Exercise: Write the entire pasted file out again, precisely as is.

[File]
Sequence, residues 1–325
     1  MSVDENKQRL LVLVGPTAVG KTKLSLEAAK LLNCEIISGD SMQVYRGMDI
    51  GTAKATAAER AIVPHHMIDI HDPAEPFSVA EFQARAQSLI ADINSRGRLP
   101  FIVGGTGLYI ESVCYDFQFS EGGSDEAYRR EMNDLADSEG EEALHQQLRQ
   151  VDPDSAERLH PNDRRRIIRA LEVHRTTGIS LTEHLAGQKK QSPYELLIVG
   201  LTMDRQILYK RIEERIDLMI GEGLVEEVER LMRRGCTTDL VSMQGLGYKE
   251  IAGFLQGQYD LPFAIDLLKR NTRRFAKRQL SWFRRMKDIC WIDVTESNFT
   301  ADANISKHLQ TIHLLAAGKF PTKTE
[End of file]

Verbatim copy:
Sequence, residues 1–325
     1  MSVDENKQRL LVLVGPTAVG KTKLSLEAAK LLNCEIISGD SMQVYRGMDI
    51  GTAKATAAER AIVPHHMIDI HDPAEPFSVA EFQARAQSLI ADINSRGRLP
   101  FIVGGTGLYI ESVCYDFQFS EGGSDEAYRR EMNDLADSEG EEALHQQLRQ
   151  VDPDSAERLH PNDRRRIIRA LEVHRTTGIS LTEHLAGQKK QSPYELLIVG
   201  LTMDRQILYK RIEERIDLMI GEGLVEEVER LMRRGCTTDL VSMQGLGYKE
   251  IAGFLQGQYD LPFAIDLLKR NTRRFAKRQL SWFRRMKDIC WIDVTESNFT
   301  ADANISKHLQ TIHLLAAGKF PTKTE